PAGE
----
What Does Metaphysical Mean?
The word ‘meta’ means ‘after,’ so the literal translation of ‘metaphysical’ is ‘after the physical.’ Basically, metaphysics deals with questions that can’t be explained by science. It questions the nature of reality in a philosophical way. On the aspect of metaphysical poetry, it is based on abstract reasoning which hasn’t yet been proved.
Here are some common metaphysical questions:
- Does God exist?
- Is there a difference between the way things appear to us and the way they really are? Essentially, what is the difference between reality and perception?
- Is everything that happens already predetermined? If so, then is free choice non-existent?
- Is consciousness limited to the brain?
Metaphysics can cover a broad range of topics from religious to consciousness; however, all the questions about metaphysics ponder the nature of reality. And of course, there is no one correct answer to any of these questions. Metaphysics is about exploration and philosophy, not about science and math.
You’ve probably heard of haikus, lyrical poems and limericks. All of those types of poetry have specific qualities that allow us to group them together. Metaphysical poetry is a little bit different. The poems classified in this group do share common characteristics: they are all highly intellectualized, use rather strange imagery, use frequent paradox and contain extremely complicated thought.
However, metaphysical poetry is not regarded as a genre of poetry. In fact, the main poets of this group didn’t read each other’s work and didn’t know that they were even part of a classification.
Literary critic and poet Samuel Johnson first coined the term ‘metaphysical poetry’ in his book Lives of the Most Eminent English Poets (1179-1781). In the book, Johnson wrote about a group of 17th-century British poets that included John Donne, George Herbert, Richard Crashaw, Andrew Marvell and Henry Vaughan. He noted how the poets shared many common characteristics, especially ones of wit and elaborate style.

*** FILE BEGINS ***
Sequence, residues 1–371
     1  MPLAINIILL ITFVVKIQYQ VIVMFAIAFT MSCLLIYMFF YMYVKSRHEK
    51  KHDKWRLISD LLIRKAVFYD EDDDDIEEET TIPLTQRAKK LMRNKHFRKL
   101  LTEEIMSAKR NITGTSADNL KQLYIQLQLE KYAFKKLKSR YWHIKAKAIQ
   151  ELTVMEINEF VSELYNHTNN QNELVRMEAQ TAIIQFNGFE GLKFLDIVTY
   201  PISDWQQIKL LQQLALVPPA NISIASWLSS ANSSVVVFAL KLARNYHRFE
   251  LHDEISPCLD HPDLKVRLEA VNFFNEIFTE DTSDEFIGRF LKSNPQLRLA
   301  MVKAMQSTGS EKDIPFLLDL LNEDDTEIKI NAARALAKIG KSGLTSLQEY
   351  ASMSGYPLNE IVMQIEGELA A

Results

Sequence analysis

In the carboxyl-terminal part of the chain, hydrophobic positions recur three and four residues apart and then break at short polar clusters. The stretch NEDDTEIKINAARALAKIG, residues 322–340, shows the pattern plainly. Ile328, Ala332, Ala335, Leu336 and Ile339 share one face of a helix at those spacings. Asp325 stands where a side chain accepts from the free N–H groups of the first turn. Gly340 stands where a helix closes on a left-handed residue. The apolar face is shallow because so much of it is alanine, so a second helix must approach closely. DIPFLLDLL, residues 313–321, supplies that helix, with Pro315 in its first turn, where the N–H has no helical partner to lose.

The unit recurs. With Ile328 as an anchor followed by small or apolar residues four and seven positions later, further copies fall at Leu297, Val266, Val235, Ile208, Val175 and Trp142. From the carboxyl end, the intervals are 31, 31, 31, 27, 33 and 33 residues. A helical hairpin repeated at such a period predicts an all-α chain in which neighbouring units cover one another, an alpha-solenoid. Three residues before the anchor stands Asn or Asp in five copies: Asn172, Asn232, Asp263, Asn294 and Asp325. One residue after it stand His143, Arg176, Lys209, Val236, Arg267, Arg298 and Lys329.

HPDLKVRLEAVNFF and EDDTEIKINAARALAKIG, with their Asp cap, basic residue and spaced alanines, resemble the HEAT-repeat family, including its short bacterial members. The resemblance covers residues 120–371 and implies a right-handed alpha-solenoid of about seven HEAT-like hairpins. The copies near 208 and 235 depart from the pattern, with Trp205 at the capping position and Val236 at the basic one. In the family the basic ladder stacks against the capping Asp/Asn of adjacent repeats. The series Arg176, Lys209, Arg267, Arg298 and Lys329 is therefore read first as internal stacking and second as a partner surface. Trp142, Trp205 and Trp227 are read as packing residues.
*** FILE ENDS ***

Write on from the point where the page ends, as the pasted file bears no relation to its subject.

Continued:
Characteristics of metaphysical poetry
The group of metaphysical poets that we mentioned earlier is obviously not the only poets or philosophers or writers that deal with metaphysical questions. There are other more specific characteristics that prompted Johnson to place the 17th-century poets together.
Perhaps the most common characteristic is that metaphysical poetry contained large doses of wit. In fact, although the poets were examining serious questions about the existence of God or whether a human could possibly perceive the world, the poets were sure to ponder those questions with humor.
Metaphysical poetry also sought to shock the reader and wake him or her up from his or her normal existence in order to question the unquestionable. The poetry often mixed ordinary speech with paradoxes and puns. The results were strange, comparing unlikely things, such as lovers to a compass or the soul to a drop of dew. These weird comparisons were called conceits.
Metaphysical poetry also explored a few common themes. They all had a religious sentiment. In addition, many of the poems explored the theme of carpe diem (seize the day) and investigated the humanity of life.
SEE ALSO: CARPE DIEM (SIEZE THE DAY)
One great way to analyze metaphysical poetry is to consider how the poems are about both thought and feeling. Think about it. How could you possibly write a poem about the existence of God if you didn’t have some emotional reaction to such an enormous, life-altering question?